When TRON hit theaters in 1982, it took one of the world’s largest, most expensive supercomputing clusters years and millions of dollars to render 20 minutes of textureless, gourad shaded CGI consisting of basic primitives with animation consisting only of translation, rotation, squash and stretch.

The same fidelity of 3D seen in TRON became possible to render at 60fps, using the full resolution of home televisions on a home console as of the release of the Sega Dreamcast in Japan just 16 years later. Probably it was feasible on N64 but the point I want to make here does not require quibbling over 2–3 years.

34 years after the release of TRON we saw the commercial release of modern home VR which could realize the dream of that film, putting you into a digital environment in a convincing way but at vastly greater visual fidelity.

For another point of comparison, Toy Story came out in 1995. At that time it was a groundbreaking achievement in painstakingly pre-rendered computer graphics. The first mass market home console capable of such visuals, the Xbox 360, came out just 10 years later.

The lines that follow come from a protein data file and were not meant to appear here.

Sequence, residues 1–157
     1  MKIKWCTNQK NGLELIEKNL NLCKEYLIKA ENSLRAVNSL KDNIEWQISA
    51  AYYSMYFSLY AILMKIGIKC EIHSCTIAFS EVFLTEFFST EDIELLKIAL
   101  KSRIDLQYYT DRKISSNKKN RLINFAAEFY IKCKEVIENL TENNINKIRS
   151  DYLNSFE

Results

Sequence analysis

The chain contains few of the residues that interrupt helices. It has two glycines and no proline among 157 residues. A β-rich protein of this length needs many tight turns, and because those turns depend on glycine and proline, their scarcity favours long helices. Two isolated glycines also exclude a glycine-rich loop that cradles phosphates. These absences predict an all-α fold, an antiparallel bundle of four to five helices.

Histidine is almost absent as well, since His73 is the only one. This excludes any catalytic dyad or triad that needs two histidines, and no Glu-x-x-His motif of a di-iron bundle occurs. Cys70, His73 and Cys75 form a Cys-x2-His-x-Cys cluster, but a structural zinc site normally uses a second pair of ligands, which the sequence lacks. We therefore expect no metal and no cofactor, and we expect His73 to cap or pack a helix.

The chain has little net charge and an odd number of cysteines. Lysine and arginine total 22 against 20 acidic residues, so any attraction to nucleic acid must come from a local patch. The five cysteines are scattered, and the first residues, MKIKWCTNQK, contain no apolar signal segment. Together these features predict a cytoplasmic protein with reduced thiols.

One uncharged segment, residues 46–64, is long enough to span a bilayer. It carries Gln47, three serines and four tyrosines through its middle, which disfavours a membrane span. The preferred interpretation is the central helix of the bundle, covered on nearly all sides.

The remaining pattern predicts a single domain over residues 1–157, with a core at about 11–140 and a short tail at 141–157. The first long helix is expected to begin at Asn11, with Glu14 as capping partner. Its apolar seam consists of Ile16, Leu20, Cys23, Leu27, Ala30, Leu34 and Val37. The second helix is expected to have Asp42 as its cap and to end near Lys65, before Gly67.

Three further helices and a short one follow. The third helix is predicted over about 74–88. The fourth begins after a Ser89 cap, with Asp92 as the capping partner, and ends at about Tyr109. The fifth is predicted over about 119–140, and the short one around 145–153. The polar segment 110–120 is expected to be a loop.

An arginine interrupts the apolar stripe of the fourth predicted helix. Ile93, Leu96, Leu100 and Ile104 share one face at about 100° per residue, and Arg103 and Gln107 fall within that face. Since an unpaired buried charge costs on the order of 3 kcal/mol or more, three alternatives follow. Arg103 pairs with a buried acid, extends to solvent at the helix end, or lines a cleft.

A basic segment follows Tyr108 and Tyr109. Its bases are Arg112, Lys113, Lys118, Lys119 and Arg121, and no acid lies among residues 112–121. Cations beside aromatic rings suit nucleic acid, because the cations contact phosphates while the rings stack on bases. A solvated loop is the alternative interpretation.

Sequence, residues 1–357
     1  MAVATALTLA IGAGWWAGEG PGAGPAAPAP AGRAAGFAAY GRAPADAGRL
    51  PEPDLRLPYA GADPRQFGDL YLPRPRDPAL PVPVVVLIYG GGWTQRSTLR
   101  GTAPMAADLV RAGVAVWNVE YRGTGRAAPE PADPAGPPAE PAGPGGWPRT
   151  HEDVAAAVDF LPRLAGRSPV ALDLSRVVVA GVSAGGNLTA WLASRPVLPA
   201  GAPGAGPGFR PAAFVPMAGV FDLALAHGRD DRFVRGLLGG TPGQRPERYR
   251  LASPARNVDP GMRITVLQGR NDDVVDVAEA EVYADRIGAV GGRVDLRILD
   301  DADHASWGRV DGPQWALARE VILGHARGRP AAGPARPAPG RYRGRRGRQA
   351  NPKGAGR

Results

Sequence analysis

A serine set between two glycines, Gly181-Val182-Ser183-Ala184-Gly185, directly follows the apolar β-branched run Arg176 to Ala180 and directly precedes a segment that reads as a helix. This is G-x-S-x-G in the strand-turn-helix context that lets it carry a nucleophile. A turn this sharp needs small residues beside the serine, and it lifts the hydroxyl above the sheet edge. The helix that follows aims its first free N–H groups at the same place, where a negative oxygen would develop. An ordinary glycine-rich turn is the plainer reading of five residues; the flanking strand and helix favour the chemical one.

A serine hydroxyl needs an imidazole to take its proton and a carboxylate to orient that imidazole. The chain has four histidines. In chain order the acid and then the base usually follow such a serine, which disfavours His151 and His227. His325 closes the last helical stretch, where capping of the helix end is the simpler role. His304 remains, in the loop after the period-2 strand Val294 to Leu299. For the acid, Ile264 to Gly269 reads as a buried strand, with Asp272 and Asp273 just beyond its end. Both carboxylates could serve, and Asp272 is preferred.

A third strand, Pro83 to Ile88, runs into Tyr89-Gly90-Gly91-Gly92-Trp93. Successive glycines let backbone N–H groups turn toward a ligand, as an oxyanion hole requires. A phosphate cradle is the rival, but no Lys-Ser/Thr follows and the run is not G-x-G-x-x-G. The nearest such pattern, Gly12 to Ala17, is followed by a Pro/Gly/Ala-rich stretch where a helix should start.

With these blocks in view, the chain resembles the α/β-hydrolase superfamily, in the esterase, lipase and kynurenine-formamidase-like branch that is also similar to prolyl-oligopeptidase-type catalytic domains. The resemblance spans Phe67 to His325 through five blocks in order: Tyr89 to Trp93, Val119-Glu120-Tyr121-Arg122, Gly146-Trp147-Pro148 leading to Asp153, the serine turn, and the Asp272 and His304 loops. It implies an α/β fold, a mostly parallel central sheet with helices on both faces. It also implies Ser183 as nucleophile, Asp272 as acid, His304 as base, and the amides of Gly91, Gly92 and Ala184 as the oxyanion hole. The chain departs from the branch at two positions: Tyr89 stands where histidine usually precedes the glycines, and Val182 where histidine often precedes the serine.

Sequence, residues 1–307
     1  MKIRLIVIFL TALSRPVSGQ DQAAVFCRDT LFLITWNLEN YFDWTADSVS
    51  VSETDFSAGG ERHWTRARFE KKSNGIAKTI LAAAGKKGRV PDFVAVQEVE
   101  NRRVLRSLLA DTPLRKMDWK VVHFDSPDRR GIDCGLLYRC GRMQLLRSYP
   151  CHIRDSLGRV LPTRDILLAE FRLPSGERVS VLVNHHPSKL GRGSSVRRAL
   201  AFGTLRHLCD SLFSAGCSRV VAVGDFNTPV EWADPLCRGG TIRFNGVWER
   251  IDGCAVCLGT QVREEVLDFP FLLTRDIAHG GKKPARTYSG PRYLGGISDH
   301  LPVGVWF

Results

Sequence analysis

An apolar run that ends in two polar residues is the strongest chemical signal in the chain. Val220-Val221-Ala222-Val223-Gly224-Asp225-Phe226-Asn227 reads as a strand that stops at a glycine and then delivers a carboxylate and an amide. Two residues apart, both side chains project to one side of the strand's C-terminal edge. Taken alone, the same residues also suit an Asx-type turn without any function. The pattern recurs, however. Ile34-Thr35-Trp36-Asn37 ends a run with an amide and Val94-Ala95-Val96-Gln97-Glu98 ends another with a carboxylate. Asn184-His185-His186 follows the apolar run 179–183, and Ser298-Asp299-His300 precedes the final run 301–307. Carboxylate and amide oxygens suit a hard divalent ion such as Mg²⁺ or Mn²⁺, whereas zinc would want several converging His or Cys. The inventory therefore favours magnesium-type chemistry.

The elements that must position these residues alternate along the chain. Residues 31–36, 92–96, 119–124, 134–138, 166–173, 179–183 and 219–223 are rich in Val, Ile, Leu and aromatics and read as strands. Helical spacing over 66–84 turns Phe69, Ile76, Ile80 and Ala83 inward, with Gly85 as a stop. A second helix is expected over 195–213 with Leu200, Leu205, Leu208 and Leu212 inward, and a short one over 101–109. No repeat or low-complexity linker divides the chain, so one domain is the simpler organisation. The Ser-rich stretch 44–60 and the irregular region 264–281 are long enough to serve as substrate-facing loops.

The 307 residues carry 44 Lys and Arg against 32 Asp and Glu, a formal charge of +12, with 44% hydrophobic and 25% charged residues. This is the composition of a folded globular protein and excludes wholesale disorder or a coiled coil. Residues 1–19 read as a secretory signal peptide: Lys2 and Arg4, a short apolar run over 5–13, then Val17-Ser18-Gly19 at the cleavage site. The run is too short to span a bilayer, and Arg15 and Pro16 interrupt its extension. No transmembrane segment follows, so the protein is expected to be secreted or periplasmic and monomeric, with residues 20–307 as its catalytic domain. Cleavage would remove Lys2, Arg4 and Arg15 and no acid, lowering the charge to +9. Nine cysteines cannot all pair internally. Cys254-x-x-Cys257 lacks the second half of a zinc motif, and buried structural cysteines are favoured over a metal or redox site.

We went from “unattainable feat of computer science and artistry requiring world class supercomputers to produce” to something any kid with a new game console could render, in real time, on a home entertainment box in the span of a single decade.

I expect even if we keep chasing the polygon dragon, computing power will advance so substantially as a consequence that doing lifelike voxel/pointcloud sims will become feasible as a side effect, even though it wasn’t the goal hardware devs had in mind.

I give it maybe 20 years, 30 at most before we have immaculately high resolution, full human fov VR headsets running photorealistic voxel based game engines, and probably that’s a very conservative estimate

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